A District councilman wants to ban guns created on 3-D printers.
The proposal comes after a self-proclaimed anarchist posted a YouTube video showing himself firing a handgun created using a 3-D printer. The video has attracted national media attention.
On Tuesday, Ward 6 Councilman Tommy Wells introduced a bill, titled the Undetectable Firearms Act of 2013, that would make it illegal to make a gun on a 3-D printer.
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"The end product is a cheap, functional and undetectable weapon that can be produced with nothing more than a home computer and 3-D printer," Wells said.
Cody Wilson -- the 25-year-old leader of Defense Distributed featured in the YouTube video -- said that a new law would not stop people from printing 3-D guns.
"It doesn't matter what the laws are," he said. "[People] can download a file and they can print it on their 3-D printer."
Printing devices can cost less than $10,000, and directions for making guns have been posted online.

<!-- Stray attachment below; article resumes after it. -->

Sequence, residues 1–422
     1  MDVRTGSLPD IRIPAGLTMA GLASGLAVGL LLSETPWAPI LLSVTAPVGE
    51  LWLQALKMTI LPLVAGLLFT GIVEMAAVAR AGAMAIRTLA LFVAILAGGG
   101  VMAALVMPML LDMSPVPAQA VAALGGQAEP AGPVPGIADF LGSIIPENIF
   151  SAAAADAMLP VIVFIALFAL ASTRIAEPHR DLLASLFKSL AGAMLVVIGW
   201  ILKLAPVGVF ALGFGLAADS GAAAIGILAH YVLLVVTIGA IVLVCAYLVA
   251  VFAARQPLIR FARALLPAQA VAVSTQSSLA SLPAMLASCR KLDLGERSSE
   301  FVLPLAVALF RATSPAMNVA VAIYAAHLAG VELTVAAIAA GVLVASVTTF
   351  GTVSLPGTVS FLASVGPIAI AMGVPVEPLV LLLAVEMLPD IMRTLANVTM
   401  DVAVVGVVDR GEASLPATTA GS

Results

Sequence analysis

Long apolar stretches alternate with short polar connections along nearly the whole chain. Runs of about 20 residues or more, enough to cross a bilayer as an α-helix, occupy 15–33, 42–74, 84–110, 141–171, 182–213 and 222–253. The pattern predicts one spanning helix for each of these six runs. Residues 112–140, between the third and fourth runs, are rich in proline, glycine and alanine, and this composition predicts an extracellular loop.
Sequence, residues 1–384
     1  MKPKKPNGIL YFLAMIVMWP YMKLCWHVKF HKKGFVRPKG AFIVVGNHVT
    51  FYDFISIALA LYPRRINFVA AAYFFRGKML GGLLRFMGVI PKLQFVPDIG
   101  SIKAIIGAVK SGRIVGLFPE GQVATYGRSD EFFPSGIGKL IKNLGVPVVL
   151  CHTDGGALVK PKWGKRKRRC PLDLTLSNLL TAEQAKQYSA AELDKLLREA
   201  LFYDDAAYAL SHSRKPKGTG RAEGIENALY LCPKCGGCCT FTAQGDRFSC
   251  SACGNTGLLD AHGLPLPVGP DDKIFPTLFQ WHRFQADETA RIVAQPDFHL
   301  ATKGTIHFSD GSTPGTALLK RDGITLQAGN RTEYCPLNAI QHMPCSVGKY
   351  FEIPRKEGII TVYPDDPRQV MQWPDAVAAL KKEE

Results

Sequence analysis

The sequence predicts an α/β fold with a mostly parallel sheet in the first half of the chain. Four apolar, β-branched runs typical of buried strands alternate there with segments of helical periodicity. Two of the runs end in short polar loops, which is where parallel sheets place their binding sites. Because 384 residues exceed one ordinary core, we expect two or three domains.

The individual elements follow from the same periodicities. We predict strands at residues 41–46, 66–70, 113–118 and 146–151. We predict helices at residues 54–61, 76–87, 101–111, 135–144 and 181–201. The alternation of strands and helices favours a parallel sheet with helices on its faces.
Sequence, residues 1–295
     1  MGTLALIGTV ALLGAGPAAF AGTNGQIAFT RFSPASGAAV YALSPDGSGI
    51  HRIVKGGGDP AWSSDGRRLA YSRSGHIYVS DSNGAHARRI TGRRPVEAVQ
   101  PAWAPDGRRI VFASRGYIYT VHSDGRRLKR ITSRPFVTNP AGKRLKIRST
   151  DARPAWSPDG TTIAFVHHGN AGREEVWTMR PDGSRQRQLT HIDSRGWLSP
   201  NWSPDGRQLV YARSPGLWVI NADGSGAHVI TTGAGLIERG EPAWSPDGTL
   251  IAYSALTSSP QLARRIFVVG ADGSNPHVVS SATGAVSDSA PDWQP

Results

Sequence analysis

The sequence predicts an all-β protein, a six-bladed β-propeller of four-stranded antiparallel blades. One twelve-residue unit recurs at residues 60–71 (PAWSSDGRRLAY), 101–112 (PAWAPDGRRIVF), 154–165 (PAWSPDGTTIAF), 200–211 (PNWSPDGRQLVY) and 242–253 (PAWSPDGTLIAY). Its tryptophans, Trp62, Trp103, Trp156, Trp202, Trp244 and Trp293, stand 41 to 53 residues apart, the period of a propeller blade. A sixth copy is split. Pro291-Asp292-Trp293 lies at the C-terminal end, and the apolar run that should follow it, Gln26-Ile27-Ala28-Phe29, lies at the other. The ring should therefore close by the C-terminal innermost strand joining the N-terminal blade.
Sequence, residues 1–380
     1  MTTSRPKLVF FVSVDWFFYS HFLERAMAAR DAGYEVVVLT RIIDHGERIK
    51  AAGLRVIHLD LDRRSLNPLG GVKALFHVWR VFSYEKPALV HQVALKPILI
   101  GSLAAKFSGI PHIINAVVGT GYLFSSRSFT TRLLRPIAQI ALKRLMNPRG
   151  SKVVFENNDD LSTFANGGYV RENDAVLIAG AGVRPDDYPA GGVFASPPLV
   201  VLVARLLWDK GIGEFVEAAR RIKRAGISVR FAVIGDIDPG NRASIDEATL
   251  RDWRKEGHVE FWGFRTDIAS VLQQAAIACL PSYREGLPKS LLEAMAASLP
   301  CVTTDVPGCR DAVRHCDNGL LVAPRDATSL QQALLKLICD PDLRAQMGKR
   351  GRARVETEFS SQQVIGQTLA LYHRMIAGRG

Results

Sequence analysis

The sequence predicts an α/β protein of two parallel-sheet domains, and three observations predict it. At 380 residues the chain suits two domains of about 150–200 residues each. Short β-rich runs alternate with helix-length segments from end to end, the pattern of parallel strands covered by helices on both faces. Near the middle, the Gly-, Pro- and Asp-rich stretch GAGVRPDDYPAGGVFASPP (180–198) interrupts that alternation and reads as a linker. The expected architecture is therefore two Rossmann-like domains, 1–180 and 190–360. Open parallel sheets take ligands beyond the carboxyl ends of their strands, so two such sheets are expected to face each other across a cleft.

The gun featured in the video is called the Liberator and is made almost entirely out of separate pieces of plastic, each created by the 3-D printer -- except for a metal firing pin.
Referring to the D.C. Council, Wilson said, "They are just strong-arm gangsters that think they can take things away from people."
Despite the attention Wilson's video has attracted, he said it is still cheaper and easier to make a gun using parts purchased at home-improvement stores than it is to use a 3-D printer.
Ladd Everitt, director of communications for the Coalition to Stop Gun Violence, said plastic guns are a rare exception when it comes to firearms: They're well regulated.
"Regulations concerning plastic guns are actually very strict in this country," Everitt said.
The Undetectable Firearms Act of 1988, signed into law by President Reagan, makes it illegal to manufacture, sell or possess firearms that cannot be detected by walk-through metal detectors.
Everitt said guns sold on the black market and guns sold in stores pose a greater threat to the American public than ones created using a 3-D printer.
"To become worthwhile to someone who wants to do serious harm: No. 1, 3-D printing is going to have to come quite a way and, No. 2, we'd have to significantly strengthen our gun laws," Everitt said.
In a statement announcing his proposed legislation, Wells said the law needs to keep up with new technology: "An undetectable firearm constructed on your computer may sound like science fiction, but unfortunately, it's already here and our laws have never contemplated this scenario. These weapons create a significant and immediate threat to public safety."